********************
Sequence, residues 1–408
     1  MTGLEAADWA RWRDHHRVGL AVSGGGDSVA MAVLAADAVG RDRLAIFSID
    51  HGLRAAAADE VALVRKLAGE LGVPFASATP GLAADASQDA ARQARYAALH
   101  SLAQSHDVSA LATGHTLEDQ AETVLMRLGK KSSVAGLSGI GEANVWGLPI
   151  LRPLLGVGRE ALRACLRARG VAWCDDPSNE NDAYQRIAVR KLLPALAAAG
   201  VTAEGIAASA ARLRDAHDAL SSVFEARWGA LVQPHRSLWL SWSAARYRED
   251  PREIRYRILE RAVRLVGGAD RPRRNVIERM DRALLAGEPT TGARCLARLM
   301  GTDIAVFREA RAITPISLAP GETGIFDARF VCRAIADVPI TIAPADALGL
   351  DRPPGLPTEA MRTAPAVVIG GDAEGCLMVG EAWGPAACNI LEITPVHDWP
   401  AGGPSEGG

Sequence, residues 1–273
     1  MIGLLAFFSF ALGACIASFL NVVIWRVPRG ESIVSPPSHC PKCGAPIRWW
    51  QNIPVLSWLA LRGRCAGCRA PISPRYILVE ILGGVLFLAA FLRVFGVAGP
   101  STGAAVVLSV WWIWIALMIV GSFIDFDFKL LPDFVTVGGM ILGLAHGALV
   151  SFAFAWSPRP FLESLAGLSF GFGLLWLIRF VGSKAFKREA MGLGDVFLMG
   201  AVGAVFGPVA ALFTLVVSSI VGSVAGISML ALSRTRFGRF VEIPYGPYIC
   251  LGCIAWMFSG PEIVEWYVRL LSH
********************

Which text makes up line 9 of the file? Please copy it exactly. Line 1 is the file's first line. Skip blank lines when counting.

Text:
   351  DRPPGLPTEA MRTAPAVVIG GDAEGCLMVG EAWGPAACNI LEITPVHDWP